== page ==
The Covenant Knoxville Marathon has been held every spring since 2005, and the event reflects Knoxville’s relatively short but impressive history in the world of running.
Rarely mentioned in Knoxville’s earliest years, the footrace became more common in the late 1800s, often as an event to celebrate a holiday, like the Fourth of July or Labor Day, at Fountain City Park or Chilhowee Park, where thousands assembled for holiday picnics. Most races were very short distances of 100 yards or so.
Knoxvillian Ebenezer Alexander (1851-1910), a classics scholar who became U.S. ambassador to Greece, enthusiastically promoted the revival of the Olympic Games in Athens in 1896, and helped organize and host the successful American team. Those games included 100, 400, 800, and 1500 meter races, as well as the world’s first international Marathon. Alexander eventually moved back to Knoxville, but is not known to have organized races here.
Little changed for public competitive running until 1962, when a few running enthusiasts, hosted by Fulton High School coach B.E. Sharp, started the Knoxville Track Club.
The KTC was only a year old when it welcomed a new member, Chicago native Chuck Rohe (b. 1931), who moved to Knoxville to accept a job at the University of Tennessee’s developing track and field program.
During his time in Knoxville, Rohe pushed UT’s track program to regional and even national prominence, both for athletic excellence and popular appeal. He has been called “the Father of Track & Field in the South.”
In the early 1960s, UT didn’t even have its own track. Rohe had to take his team to other tracks in the city, like Evans-Collins Field, a community football field in the Caswell Park area of East Knoxville.
That changed thanks to a local philanthropist. Snack-food tycoon Tom Q. Black (1904-1970) had grown up in Monroe County, running two and a half miles to school. He was good at running, and competed in the early 1920s for Madisonville High, and soon afterward organized a successful track teamat Hiwassee College.
By the 1960s, Black was no longer an athlete, and was in fact a middle-aged businessman with a serious heart condition. But he loved the sport of running, and wanted to do something to help promote it. He befriended Rohe, just as UT was expanding its campus and its athletic program. Black, who was not a UT alumnus, donated a substantial amount toward establishing a modern regulation 440-yard running track. The Tom Black Track was completed in 1966.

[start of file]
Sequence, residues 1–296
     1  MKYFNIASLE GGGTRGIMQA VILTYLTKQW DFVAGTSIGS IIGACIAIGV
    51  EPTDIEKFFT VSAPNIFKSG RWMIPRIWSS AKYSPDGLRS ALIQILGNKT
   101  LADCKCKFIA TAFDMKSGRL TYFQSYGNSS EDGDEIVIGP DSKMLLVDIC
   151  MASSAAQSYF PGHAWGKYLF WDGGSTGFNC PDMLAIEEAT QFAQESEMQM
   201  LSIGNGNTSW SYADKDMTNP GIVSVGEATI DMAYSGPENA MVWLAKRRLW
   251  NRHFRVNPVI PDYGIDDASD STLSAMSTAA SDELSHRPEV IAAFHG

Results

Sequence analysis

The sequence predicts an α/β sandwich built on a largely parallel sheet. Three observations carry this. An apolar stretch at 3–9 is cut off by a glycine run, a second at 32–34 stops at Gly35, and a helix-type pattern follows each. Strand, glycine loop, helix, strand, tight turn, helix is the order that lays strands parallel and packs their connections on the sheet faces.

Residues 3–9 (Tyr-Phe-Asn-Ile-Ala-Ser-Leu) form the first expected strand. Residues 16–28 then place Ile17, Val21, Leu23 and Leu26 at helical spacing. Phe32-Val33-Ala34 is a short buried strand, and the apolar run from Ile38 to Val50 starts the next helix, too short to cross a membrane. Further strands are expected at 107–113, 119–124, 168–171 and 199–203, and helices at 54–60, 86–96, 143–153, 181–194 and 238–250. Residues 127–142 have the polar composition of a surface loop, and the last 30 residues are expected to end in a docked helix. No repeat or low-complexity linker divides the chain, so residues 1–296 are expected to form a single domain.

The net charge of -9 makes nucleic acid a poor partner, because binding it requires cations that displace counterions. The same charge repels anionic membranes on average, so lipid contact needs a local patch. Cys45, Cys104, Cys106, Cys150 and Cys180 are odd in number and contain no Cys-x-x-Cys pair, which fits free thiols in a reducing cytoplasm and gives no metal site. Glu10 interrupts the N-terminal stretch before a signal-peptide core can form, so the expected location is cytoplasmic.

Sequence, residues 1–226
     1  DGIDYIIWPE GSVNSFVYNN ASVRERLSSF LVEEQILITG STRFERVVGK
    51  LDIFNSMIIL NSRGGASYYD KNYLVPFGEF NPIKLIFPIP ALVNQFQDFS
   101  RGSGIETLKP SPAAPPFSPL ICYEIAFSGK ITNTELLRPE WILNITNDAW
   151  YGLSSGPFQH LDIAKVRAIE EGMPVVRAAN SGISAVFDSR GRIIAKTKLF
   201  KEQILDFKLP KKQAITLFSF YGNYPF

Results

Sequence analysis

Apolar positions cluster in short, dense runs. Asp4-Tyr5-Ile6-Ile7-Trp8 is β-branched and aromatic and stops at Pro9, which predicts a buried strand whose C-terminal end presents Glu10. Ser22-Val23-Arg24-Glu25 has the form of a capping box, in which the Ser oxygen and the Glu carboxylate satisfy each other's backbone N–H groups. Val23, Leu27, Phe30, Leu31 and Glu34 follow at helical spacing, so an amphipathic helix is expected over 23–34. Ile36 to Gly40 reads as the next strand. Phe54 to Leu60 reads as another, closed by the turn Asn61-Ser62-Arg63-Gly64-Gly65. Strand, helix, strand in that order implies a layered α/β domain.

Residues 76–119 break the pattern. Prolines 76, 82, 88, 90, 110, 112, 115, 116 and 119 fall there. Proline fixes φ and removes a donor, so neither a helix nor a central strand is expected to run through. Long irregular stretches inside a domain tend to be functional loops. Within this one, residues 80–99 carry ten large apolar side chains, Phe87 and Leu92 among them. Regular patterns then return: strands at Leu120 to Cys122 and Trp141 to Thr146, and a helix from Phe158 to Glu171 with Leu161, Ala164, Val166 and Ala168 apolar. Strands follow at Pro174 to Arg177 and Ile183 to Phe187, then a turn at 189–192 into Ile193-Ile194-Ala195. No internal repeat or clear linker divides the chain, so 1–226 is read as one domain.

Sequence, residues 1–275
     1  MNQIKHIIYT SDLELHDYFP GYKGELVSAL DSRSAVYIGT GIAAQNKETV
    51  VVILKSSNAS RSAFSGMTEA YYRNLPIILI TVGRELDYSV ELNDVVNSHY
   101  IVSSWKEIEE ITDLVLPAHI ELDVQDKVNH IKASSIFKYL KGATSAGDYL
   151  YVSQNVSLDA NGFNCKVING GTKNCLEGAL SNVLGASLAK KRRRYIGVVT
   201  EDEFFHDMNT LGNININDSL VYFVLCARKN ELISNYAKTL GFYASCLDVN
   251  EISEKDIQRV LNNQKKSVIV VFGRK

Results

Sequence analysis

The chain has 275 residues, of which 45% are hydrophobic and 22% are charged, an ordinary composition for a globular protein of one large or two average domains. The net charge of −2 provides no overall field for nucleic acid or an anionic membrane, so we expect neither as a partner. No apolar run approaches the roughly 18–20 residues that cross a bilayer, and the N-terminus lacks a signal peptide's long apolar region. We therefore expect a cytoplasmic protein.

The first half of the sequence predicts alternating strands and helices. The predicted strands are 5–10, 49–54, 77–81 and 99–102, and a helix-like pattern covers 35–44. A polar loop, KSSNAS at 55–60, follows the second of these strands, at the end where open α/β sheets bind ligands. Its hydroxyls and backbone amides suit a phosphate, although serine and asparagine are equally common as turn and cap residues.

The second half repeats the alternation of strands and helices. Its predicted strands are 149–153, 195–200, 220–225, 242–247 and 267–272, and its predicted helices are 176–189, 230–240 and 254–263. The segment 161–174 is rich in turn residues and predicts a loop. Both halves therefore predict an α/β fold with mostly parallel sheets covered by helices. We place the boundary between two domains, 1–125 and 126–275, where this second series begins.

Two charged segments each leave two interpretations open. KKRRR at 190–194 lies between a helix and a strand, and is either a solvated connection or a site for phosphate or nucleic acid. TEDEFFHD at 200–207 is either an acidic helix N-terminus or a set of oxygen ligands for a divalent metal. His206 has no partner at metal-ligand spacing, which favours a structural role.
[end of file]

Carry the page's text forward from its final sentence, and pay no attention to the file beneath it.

During Rohe’s leadership, track meets became popular in Knoxville for the first time, sometimes drawing thousands who came to see both local and national stars compete. In 1969, Tom Black Track hosted a national intercollegiate track meet.
Knoxville witnessed several celebrity runners at Tom Black, including future Olympic gold medalists. In 1974, Ivory Crockett of Missouri broke the world record for the 100-yard dash at Tom Black Track. His 9-second time earned him the title “World’s Fastest Human.”
Meanwhile, the KTC organized public long-distance races, often using available routes like Cherokee Boulevard’s walking trail, along the river in Sequoyah Hills. In 1966, Alabama runner Earl Eblen broke the U.S. record for the 20-kilometer run on the boulevard. In 1972, future Boston Marathon winner Neal Cusack ran a 15-mile event on the same hilly, winding street.
A 1974 Knoxville Marathon, organized by KTC and sometimes described as Tennessee’s first, involved a loop from downtown to Fountain City, along Broadway. Because it attracted only a few participants (18 runners in the first one), runners were obliged to compete alongside traffic, and after a few tries it was deemed too dangerous. Renamed the Smoky Mountain Marathon, the race moved to Oak Ridge and later to Townsend.
Knoxville’s first durable, popular long-distance footrace was KTC’s Expo 10,000, inspired by the upcoming World’s Fair. Launched in 1978, it made a big loop around downtown Knoxville, crossing both the Gay Street and Henley Street bridges, and ending at Market Square. Its first champion was an Irish Olympian named Eddie Leddy.
Co-hosted by KTC, the first permanent Knoxville Marathon, on Mar. 20, 2005, drew 2,500 participants. The winner was Charles Kibiwot, of Kenya, with a time of two hours, 22 minutes, 54 seconds. The first female winner was Irina Bogachova, an Olympic competitor from Kyrgystan, who finished the Knoxville race in two hours, 41 minutes, 40 seconds.
It has become a major local event, but many of its thousands of participants are international. It’s a certified qualifying race for America’s most famous long-distance event, the Boston Marathon.
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